When we were kids we all loved to play hide and seek. Finding a good hiding place was not always easy. Hiding from wildlife can be just as difficult, but doing it well can improve your chances of getting some truly amazing photos. The debate about the effectiveness of camouflage for wildlife photography seems to vary from what you read to who you talk to. It’s funny because the camouflage clothing industry thrives with the hunting community who have seemingly accepted its effectiveness for years. I’ve personally experienced the effectiveness of camouflage use in wildlife photography and don’t need much convincing. I don’t think that visual camouflage will make you a better photographer but if used properly it will improve your opportunities.
The local wildlife preserve has an unusually diverse flora and fauna given its size and location. One mammal that is native to West Texas and the preserve and always a treat to see, is the Bobcat. On most days I arrive just before sunrise in order to increase my chances of seeing one but today I was a bit later due to heavy fog. Shortly after arriving, walking down the trail, I noticed movement and discovered a single mature Bobcat was ahead of me on the trail.
One of the most iconic lines from the 1986 movie Top Gun. If Maverick had been out shooting geese in flight, instead of shooting planes with Goose, his top priority would still have been the need for speed, but a few other things would have come in handy as well. Almost every wildlife photographer starts out photographing birds. Birds are the most readily accessible and abundant wildlife in our environment. In the beginning capturing a simple still portrait like the cardinal below is challenging and fulfilling. If we manage something sharp and clear we’re satisfied and happy. Sooner or later though we become comfortable with the techniques associated with still images, and there is a desire to challenge ourselves further. For birds this means capturing birds while in flight.
I have a friend who is an interior designer by trade. We were looking at art prints one day to put on the walls in my office. As we looked through stack after stack of prints, he suggested several that I might choose, always with an associated reason for why I should pick each one. Continue reading “If you like it, buy it.”
Paul Simon wrote the 59th street bridge song, (feeling groovy) in 1966. The song starts with the lyrics, “slow down your moving to fast, you got to make the morning last”. I think of that song often and the message it was trying to send. It applies to every aspect of our lives. Nowadays we Continue reading “Slow down, your moving to fast”
A few shots from this morning. Went out early and initially encountered a Coopers Hawk all puffed up trying to keep warm in the cold weather, 32 degrees at sunrise. Continue reading “A few from today.”
Photography is all about the light. In fact, without it photography itself would be impossible. We all know that the character and quality of natural light changes throughout the day. Who hasn’t enjoyed watching the sunrise and marveling in the golden light that is present for the hour after. In photography the hour after sunrise and the hour before sunset are referred to as the Golden Hours. Daylight is redder and softer than when the Sun is higher in the sky. When the sun is near the horizon, sunlight travels through a greater depth of atmosphere, reducing the intensity of the direct light, so that more of the illumination comes from indirect light from the sky reducing the lighting ratio. More blue light is scattered, so if the sun is present, its light appears more reddish. In addition, the sun’s small angle with the horizon produces longer shadows. Continue reading “The Golden Hour”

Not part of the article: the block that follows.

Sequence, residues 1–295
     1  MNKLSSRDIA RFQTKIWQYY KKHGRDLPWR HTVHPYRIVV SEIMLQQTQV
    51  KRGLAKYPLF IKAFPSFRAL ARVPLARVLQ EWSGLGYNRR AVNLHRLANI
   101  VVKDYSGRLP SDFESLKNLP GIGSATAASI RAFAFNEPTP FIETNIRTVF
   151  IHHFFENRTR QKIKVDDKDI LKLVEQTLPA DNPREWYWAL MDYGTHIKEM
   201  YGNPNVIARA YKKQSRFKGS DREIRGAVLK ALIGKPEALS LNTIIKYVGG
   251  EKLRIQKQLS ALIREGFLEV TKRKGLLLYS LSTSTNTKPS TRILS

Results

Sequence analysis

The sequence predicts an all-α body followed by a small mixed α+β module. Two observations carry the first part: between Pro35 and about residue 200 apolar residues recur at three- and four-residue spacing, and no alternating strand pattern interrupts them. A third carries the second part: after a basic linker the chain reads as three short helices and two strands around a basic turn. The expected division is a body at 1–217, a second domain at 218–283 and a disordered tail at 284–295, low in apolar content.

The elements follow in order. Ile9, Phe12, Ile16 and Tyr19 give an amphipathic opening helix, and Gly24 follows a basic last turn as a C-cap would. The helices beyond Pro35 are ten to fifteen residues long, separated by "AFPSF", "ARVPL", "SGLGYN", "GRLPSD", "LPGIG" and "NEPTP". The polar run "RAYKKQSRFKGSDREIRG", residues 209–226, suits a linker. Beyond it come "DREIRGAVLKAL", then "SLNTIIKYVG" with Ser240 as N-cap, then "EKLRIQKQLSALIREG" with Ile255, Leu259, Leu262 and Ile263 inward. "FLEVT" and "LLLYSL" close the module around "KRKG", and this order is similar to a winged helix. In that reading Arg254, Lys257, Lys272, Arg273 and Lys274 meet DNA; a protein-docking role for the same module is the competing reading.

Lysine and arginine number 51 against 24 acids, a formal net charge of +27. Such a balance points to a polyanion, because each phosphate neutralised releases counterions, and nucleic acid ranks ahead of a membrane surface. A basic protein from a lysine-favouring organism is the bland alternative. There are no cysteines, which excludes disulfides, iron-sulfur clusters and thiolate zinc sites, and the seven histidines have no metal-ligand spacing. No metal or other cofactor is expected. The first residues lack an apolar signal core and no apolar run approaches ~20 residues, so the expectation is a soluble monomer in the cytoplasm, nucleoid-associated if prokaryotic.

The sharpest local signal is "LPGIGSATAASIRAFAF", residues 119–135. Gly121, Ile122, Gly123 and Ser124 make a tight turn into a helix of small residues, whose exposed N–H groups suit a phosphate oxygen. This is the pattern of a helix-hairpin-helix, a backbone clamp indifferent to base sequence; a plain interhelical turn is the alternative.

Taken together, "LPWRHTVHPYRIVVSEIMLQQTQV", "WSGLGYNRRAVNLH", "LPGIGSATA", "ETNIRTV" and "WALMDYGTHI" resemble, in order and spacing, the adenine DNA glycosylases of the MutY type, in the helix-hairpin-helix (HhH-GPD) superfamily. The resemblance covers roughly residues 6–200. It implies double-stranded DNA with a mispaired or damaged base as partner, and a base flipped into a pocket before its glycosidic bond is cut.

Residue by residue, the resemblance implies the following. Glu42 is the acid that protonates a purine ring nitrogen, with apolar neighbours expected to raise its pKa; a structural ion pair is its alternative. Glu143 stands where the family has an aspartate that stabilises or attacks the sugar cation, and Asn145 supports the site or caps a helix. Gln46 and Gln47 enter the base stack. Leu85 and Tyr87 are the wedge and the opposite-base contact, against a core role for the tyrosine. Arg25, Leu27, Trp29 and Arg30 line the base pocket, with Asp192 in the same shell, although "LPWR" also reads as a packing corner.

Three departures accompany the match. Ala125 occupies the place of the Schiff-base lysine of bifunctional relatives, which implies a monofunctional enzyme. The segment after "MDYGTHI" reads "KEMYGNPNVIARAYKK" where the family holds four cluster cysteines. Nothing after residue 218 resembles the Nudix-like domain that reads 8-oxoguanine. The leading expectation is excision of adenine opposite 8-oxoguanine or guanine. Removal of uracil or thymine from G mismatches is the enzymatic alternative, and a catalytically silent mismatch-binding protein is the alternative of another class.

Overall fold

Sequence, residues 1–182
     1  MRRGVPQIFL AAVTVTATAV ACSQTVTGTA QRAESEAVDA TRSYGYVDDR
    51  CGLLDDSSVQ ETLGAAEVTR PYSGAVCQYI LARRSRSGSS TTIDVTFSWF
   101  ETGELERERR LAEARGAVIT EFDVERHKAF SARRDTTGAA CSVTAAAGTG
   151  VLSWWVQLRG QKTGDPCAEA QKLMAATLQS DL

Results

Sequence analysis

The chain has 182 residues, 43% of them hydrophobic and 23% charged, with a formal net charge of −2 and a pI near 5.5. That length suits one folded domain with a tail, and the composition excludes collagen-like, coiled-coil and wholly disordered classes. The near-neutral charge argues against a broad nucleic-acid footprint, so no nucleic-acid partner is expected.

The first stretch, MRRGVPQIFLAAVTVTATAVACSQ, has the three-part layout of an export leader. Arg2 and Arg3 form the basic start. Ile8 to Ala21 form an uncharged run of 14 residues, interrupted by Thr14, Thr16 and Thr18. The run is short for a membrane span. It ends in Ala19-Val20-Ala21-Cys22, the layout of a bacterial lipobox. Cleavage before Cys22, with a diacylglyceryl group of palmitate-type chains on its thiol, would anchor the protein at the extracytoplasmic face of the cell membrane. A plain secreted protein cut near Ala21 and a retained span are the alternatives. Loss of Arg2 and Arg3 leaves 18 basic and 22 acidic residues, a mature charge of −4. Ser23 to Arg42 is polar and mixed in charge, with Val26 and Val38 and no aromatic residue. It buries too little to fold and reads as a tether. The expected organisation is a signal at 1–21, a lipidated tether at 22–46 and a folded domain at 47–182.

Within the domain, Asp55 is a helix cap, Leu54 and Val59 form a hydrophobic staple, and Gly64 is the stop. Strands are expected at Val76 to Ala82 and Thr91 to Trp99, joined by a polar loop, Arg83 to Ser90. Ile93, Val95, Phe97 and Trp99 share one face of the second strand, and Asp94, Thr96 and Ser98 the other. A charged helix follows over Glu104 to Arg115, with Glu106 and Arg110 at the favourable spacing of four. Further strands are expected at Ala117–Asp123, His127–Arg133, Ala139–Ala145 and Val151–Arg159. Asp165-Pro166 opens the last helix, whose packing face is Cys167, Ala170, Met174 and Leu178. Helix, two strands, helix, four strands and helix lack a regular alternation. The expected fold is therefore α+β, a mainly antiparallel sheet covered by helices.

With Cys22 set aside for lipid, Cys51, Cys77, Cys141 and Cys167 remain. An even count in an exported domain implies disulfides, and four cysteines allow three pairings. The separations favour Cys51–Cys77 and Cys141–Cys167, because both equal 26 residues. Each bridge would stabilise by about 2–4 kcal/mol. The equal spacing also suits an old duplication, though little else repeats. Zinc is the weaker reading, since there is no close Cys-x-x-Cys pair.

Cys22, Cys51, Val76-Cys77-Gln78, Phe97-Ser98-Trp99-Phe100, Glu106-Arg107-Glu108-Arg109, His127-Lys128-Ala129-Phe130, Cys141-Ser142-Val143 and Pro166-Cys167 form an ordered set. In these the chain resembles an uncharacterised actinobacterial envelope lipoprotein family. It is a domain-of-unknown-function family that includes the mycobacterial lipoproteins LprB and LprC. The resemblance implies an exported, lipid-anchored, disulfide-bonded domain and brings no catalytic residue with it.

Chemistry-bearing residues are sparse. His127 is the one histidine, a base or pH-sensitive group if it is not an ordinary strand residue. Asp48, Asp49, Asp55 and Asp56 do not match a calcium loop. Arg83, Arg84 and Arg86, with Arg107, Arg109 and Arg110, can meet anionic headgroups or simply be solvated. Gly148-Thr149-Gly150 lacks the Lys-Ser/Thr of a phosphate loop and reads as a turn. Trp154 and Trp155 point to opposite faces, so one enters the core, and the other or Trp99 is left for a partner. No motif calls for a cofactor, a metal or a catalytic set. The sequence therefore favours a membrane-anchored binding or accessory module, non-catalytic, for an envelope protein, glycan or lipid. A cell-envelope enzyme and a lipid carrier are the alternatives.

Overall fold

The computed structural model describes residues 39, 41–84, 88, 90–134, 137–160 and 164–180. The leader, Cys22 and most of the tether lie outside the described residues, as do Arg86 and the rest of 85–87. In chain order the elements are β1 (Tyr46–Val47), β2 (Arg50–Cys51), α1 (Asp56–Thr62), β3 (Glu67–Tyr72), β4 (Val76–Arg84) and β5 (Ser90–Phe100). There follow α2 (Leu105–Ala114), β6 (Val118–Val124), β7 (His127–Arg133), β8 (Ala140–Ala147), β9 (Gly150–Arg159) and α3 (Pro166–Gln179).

Yesterday I awoke to overcast skies and fog as is often the case in winter. Although the conditions were not ideal, I headed out to see what I could photograph. I knew from the conditions that exposure was going to be a challenge. Knowing that Ducks in flight would be the most readily available wildlife to shoot, I would most likely have to use a higher than normal ISO to achieve an adequate shutter speed. Now if you don’t know what ISO is then here it is. In Digital Photography ISO measures the sensitivity of the image sensor. The same principles apply as in film photography – the lower the number the less sensitive your camera is to light and the finer the grain. Higher ISO settings are generally used in darker situations to get faster shutter speeds. Higher ISO’s cause more “noise” in digital photographs. Continue reading “ISO, ISO, it’s off to work we go.”
Went out this morning and not much was happening. I make it a habit to always scan the high wires and roadside as I drive back home from wherever I have been taking photos for the day. Birds of prey often use these open areas and high perches to ambush prey. Today I noticed a small bird of prey and stopped to check it out. It was an American Kestral. Continue reading “Watch the roadside.”
I never no what’s going to happen when I head out in the morning. I set out early this morning with the intention of photographing some Wood Ducks that I had recently seen on a local playa. I love Wood Ducks because of their vibrant colors but find them very difficult to photograph. Somehow those colors just dont look the same in a photograph no matter how much saturation I use. When I arrived at the playa however I heard the characteristic chattering call of a familiar bird and it wasn’t long before I spotted the loudmouth. It was a Belted Kingfisher. Continue reading “Action shots- shutter speed, frame rate, a little bit of luck, and alot of patience.”